England team's managing director Hugh Morris, after accompanying the team to their Abu Dhabi base, travelled straight to Chennai, where the first Test is to be held to finish the security assessments and would return over the weekend to reveal his findings to the players.
Professional Cricketers' Association (PCA) chief executive Sean Morris has also been dispatched to the southern Indian city to view the provisions put in place pending a possible resumption of the pre-Christmas tour.
Security advisor Reg Dickason has spent the last few days back in India, having returned with the England and Wales Cricket Board's requests for player safety, and has inspected the MA Chidambaram stadium in Chennai.
England players, including the nine-member performance squad, began their net session yesterday afternoon, just nine after their arrival.
Collinwood further revealed that the players visuals of the terrorist attacks in Mumbai were horrible but said he was hopeful that once the first Test gets underway, the attention would once again shift back to the game.
''Watching the events unfold on the television while we over there was horrific. I've stayed at the Taj Hotel and could relate to what I was seeing.
''I am sure once the Test match starts on Thursday, everything will be put to bed. We have to get focused on the job in hand,'' he said.
England was scheduled to play a warm-up game in India ahead of the Test, but will have to make do with two net sessions and a warm-up game on Sunday involving most of the squad augmented by some local players.
''It's not an ideal situation but we have to make the most of it,'' said Collingwood adding, ''We've all got concerns for obvious reasons, but we've got to trust those in charge of the decisions to make them.'' — UNI
Melbourne, December 6
''Conversations with Indian Cricket League players confirm that the bookmakers are running amok in the rebel league, and it'd be the height of folly to assume that the Indian Premier League (IPL) has remained intact,'' Roebuck wrote in The Age today.
''Conversations with IPL players suggest that the official brand is equally vulnerable to outside forces. No stone must be left unturned to rid the game of malefactors,'' he said.
Roebuck said the ICL authorities have done their job in fighting match fixing which is very prominent in the game especially Twenty20 cricket.
''Before the competition began, (ICL) officials asked the ICC to provide corruption officers to supervise the contests but the game's governing body pointed out that it had no jurisdiction over a breakaway domestic tournament and advised ICL to make its own arrangements.
''To that end, officers were appointed. Officials were amazed to learn cricketers could be offered $ 40,000 merely to score five runs or fewer in the 10th over of an innings...
''At least, the ICL confronted the challenge. It could easily have let things roll along,'' he wrote.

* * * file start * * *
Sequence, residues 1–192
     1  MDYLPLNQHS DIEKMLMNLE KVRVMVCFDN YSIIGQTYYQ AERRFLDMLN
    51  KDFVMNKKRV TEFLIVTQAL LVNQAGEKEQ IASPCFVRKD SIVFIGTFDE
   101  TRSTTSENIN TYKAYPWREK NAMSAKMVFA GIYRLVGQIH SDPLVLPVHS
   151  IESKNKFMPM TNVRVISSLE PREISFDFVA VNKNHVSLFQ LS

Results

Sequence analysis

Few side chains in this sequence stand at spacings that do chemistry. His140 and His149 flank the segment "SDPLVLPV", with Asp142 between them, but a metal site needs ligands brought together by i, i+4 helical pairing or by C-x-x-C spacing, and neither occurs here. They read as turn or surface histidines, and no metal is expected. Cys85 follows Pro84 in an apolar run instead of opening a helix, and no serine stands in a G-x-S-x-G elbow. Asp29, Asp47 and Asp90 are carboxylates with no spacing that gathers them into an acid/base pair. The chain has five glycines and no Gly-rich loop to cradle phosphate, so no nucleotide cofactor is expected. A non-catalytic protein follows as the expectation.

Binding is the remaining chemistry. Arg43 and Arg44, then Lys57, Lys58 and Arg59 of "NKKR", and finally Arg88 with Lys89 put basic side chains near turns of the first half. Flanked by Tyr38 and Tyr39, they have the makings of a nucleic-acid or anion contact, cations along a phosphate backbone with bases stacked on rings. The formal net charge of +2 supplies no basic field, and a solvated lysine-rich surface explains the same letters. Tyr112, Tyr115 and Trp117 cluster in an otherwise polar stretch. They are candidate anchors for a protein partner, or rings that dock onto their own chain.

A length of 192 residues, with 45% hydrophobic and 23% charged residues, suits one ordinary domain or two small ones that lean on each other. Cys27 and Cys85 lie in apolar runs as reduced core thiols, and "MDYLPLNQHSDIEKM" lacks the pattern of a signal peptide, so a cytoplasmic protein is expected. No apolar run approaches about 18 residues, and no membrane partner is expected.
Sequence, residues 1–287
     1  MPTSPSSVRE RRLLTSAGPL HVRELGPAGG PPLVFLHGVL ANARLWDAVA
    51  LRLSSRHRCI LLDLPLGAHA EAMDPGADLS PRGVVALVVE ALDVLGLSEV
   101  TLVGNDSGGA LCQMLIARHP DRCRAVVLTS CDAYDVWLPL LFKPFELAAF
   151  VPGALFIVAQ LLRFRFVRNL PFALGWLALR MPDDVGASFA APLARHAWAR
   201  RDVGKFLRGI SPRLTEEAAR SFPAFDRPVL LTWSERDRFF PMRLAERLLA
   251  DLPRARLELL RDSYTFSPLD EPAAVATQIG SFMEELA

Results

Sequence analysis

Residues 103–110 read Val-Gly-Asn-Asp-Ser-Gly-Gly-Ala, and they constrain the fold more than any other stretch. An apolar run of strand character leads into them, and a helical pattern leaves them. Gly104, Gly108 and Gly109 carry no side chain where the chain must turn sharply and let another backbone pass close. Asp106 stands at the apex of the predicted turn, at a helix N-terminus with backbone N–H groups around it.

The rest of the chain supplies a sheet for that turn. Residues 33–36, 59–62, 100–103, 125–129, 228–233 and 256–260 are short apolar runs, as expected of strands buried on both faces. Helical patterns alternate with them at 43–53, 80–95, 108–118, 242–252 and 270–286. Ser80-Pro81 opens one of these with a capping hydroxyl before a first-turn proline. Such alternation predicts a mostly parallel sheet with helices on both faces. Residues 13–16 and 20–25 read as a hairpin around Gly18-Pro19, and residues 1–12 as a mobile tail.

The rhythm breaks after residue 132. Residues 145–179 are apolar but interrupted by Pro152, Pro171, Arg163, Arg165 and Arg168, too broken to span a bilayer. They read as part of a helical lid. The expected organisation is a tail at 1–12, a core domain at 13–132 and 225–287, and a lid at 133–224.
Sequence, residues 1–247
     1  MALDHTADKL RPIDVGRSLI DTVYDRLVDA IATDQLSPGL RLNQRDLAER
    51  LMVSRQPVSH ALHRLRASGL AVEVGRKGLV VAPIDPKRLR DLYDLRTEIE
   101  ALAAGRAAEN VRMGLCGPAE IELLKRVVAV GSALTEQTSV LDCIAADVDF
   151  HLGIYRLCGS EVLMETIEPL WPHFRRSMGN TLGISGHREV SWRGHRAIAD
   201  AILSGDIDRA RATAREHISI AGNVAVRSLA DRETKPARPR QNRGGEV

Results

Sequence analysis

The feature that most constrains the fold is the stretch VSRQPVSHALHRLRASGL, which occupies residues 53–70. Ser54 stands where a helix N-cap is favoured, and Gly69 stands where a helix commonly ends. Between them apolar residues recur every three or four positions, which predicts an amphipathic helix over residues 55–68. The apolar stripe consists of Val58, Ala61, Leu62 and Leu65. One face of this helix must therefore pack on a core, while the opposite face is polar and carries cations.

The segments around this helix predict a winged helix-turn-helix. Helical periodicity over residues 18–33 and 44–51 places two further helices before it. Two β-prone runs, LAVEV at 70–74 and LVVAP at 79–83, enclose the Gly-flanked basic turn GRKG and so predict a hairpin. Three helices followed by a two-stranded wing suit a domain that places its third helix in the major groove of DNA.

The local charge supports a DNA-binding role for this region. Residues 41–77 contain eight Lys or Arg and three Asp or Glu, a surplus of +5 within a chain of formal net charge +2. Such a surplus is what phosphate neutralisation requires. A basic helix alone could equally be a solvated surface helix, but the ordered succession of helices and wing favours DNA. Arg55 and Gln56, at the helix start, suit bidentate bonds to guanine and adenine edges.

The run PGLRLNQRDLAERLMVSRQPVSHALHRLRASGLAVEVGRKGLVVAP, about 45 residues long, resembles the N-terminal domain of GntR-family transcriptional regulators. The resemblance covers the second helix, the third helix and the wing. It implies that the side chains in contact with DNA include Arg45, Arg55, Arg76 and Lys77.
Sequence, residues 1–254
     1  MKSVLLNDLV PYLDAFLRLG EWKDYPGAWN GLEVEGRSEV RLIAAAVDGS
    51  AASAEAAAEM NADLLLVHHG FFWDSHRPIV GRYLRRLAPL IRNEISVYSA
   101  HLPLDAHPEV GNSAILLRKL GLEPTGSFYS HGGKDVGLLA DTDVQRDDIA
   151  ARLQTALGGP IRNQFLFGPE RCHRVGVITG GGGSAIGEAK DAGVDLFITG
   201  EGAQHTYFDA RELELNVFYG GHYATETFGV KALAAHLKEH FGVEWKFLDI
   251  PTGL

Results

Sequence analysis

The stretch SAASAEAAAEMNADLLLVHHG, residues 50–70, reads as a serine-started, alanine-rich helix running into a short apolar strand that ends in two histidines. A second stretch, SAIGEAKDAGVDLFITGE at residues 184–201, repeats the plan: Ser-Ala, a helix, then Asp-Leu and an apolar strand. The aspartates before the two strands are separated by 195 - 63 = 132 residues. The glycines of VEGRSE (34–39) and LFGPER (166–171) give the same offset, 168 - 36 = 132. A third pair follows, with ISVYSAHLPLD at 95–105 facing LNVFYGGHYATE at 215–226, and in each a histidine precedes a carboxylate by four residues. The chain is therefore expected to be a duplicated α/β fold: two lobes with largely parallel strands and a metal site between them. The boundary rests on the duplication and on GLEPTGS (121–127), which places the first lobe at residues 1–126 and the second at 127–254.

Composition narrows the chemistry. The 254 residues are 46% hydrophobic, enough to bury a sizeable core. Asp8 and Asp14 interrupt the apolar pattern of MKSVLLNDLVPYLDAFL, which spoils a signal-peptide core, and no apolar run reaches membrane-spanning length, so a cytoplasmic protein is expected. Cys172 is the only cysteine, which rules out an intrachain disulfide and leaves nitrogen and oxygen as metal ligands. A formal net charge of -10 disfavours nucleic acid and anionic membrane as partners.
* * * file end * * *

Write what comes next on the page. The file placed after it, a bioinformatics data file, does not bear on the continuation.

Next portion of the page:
Roebuck, who has also played for English county Somerset, however, did not seem pleased with the IPL and BCCI's steps to combat corruption in the game.
''The IPL includes numerous players of untarnished reputation entitled to be treated with respect and protected from the unsavoury.
''To that end, the BCCI and the IPL need to step up their anti-corruption activities. They could start by talking to ICL officials, and obtaining from them the names and numbers of the identified 'businessmen','' he said.
He further added that some of the strange events that happen in Twenty20 cricket are enough to prove the spirit in which it is being played.
''These players talk about strange events in matches, and one thinks he played in a match both sides were trying to lose. Others speak about batsmen suddenly playing out a maiden or padding up to a spinner, an odd technique to use in a 20-over contest,'' he said.
''They talk about long faces among a few teammates after a match had been won thanks to an innocent youthful rally. And they confirm it is possible to be unaware that colleagues, even captains, are following a preordained plan,'' he said. — UNI
Lahore, December 6
Asif was tested positive for a banned substance during his stint in Indian Premier League (IPL) earlier this year and was due to appear before the three-member tribunal on November 29 but two days before the hearing, attacks on Mumbai led to its postponement.
Sources close to the paceman told cricketnirvana.com that Asif's lawyer Shahid Karim is due to write to the IPL to conduct the hearing either in London or in Dubai so that the case is settled sooner than later.
The IPL's new lawyer, who hails from London, will also have security concerns over travelling to India and would also press for a neutral venue hearing.
Asif's lawyer successfully challenged the appointment of Charles Russells for the hearing, as Russell had also advised Asif on various issues of the case before joining the IPL.
In an interview yesterday, Asif sounded disgusted with the procedure of the IPL's drugs inquiry tribunal which he believed had dragged on needlessly and was not allowing him to return back to the game.
''First of all I don't understand why the test results were disclosed so late. And now I feel for some reason the IPL drug inquiry tribunal hearings are dragging on too long. I want this issue to be over.
''Whatever they decide, it must be decided soon as I am wasting my playing years,'' he said. — UNI
India tour: PCB remains optimistic